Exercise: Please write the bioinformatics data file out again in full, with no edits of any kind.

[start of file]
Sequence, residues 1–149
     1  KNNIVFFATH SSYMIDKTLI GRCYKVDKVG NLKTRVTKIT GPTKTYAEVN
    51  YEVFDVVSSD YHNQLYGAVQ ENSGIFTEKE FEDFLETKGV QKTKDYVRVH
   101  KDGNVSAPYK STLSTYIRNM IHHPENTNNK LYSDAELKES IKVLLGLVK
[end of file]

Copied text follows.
Sequence, residues 1–149
     1  KNNIVFFATH SSYMIDKTLI GRCYKVDKVG NLKTRVTKIT GPTKTYAEVN
    51  YEVFDVVSSD YHNQLYGAVQ ENSGIFTEKE FEDFLETKGV QKTKDYVRVH
   101  KDGNVSAPYK STLSTYIRNM IHHPENTNNK LYSDAELKES IKVLLGLVK